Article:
Memory Leak Testing- Why it is important? How is it done?
What is Memory Leak?
In simple language a memory leak is loss of available memory when a program fails to return memory that it has obtained for temporary use. As a result, the available memory for that application drains out completely and the programs can no longer function. For a program that is frequently opened or that runs continuously, even a very small memory leak can eventually cause the program to terminate. A memory leak is the result of a programming bug, so it is very important to test it during development phase.
Also, a constantly increasing memory usage is not necessarily evidence of a memory leak. Applications may store some amounts of information in memory in form of cache. If the cache grows increasingly to cause problems, this may be a programming or design error, but is not a memory leak as the information is not used much.
Garbage Collection (GC) Roots are the objects that are always reachable. If an object is always reachable, then it is not eligible for garbage collection. GC Roots therefore are always ineligible for collection. Other objects on the heap reachable from the GC roots are considered to be live objects, and ineligible for garbage collection, the objects that are unreachable can be marked for reclamation.
Ok, now what is Heap? A heap is a form of data structure that is similar to a tree. It is basically an area of memory used for dynamic memory allocation. When an application needs to use a certain amount of memory temporarily it can allocate the memory from the heap and when this is no longer needed it can be freed up. Once the memory is freed it can be reused for future allocation.
Garbage collector collects those objects that are not GC roots and are not accessible by references from GC roots.
In a Java based application, Garbage collector reclaims objects that are not used. It’s upto Java Virtual Machine (JVM) to decide when to automatically run the Garbage collector. During the usage of an application JVM periodically verifies which objects in memory are still being used and which are not. Unused objects are discarded and memory is reclaimed and reused again. This process is called garbage collection.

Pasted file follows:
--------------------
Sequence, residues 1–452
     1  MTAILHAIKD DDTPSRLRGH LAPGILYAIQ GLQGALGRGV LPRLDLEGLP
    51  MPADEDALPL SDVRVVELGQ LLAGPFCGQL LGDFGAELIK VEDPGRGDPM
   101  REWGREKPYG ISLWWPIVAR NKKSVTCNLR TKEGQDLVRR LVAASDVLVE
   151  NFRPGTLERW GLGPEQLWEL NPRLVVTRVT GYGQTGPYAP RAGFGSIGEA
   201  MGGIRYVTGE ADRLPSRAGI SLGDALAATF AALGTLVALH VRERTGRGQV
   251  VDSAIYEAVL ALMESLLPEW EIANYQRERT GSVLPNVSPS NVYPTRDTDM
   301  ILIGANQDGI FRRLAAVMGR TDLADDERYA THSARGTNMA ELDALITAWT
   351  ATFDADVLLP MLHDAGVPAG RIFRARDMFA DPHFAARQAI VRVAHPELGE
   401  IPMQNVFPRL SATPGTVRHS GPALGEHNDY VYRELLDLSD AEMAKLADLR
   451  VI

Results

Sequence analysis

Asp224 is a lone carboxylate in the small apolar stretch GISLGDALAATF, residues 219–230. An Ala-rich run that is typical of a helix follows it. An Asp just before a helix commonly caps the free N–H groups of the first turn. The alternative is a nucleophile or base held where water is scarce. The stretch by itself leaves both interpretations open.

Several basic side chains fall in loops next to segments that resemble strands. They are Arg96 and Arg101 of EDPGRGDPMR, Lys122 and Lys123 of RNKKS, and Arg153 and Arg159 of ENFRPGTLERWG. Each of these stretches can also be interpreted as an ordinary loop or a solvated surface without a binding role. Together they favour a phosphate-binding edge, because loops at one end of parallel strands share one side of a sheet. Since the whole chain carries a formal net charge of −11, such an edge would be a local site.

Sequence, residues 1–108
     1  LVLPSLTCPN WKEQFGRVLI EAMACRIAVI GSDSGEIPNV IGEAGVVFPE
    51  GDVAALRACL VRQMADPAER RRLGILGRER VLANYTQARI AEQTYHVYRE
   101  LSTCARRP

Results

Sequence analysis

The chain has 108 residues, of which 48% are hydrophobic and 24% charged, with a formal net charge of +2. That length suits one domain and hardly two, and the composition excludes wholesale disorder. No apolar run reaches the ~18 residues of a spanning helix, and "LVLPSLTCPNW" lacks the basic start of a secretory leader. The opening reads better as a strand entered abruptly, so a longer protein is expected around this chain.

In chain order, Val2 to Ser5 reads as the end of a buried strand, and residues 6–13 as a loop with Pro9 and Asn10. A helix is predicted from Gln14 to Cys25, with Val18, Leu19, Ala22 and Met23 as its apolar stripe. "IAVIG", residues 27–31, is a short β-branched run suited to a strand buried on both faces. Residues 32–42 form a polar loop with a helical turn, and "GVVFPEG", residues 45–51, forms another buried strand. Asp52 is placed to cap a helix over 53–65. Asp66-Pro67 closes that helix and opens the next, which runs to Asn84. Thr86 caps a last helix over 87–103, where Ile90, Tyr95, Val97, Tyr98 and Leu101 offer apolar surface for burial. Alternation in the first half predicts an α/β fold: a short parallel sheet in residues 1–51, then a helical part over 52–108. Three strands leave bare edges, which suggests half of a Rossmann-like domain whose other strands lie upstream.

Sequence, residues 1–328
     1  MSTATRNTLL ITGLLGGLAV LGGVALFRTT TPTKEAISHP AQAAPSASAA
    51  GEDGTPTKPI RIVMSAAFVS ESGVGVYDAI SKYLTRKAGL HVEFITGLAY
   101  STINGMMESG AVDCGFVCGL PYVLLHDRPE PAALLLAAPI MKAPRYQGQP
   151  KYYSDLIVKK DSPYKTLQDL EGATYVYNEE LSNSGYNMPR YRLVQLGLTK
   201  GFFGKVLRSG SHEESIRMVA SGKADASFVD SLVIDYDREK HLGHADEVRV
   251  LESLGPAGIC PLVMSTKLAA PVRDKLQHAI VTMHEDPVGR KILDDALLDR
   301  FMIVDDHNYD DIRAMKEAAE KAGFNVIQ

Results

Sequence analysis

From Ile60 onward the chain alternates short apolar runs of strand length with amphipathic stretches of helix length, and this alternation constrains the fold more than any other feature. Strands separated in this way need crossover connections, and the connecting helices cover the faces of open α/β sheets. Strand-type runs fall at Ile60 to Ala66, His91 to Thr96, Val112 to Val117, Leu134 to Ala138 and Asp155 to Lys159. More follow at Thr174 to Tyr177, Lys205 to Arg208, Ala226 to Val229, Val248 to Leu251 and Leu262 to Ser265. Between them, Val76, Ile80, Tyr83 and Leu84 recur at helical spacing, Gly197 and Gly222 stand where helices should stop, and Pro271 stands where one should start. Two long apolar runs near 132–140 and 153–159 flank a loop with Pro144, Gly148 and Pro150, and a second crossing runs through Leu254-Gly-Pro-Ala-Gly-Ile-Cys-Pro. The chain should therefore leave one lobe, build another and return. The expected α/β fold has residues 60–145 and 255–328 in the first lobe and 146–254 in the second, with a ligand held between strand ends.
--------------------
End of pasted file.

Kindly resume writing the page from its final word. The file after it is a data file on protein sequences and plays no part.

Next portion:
If there is no memory space present for creating new objects in Heap. Java virtual machine throws OutOfMemoryError or Java.lang.OutOfMemoryError. Basically, it is nothing but a bug in program that prevents it from freeing up memory that is no longer needed. As a result the program utilizes more and more memory until it finally crashes because there is no more memory left.
As a smart QA, you will not want these issues to happen in your application. So before a customer reports it, QA should have the insight to catch the error beforehand. So, here comes in the picture of Memory Profiling. In computer programming memory profiling is a form of dynamic program analysis that measures the memory usage of the application.
There are various tools available to do memory profiling. Ex: To profile java applications some of them are:
- Your Kit Java Profiler – http://www.yourkit.com/ (Licensed)
- JProfiler – http://www.ej-technologies.com/products/jprofiler/overview.html (Licensed)
- Eclipse Memory Analyzer (Eclipse MAT) – http://www.eclipse.org/mat/ (Open Source)
- Visual VM – http://visualvm.java.net/ (GNU General Public License)
- And more…
Among many other features available in tools for memory profiling, a common feature of all these tools is “Forced garbage collection”. Let say you are testing for memory leaks in a Java based application, so without waiting for JVM to automatically run the Garbage collector, we can explicitly force garbage collect using memory profiler tools to learn whether memory usage returns to the level at which it was before.
Memory telemetry is one such graphical feature available in Yourkit Java Profiler tool. After you are connected to the profiled application, the “Memory” telemetry tab on the session panel shows live memory usage statistics like:
- Heap memory usage (heap memory is the storage for Java objects)
- Non heap memory usage (non-heap memory is used by Java to store loaded classes and other meta-data)
- Current class loading statisticsWe can also take a Memory snapshot using Yourkit Java profiler. A memory snapshot represents the memory state of the profiled application at the moment it was captured. It contains information about all loaded classes, about all existing objects, and about references between objects.
This image below shows where to capture Memory snapshot in Yourkit.
Analyzing Memory Snapshot:
There are different views such as CPU, Threads, Memory, Garbage Collection etc. that helps us analyze the data in the snapshot.
If you want to find the leak or, more importantly, fix it, you really need to let it grow. Small memory leaks are lost within all those objects that are present in an application at any given point of time. Regardless of the tool you use for identifying memory leak, there should be lots of objects that are no more useful.
This means that your application should run for a significant period of time and as many different parts of your application should be executed as possible. Otherwise there will be no significance in finding memory leaks. One such way is to run Memory profiler and carry out testing for memory leak during performance testing the application covering the entire work flow.
Posted on March 28, 2014, in Manual Testing, Security Testing and tagged Bijit Pattanaik, Eclipse MAT, JProfiler, Memory Leak Testing, memory profiling, memory profiling tool, Mindfire Solutions, QA Engineer, Visual VM, Your Kit Java Profiler. Bookmark the permalink. Leave a comment.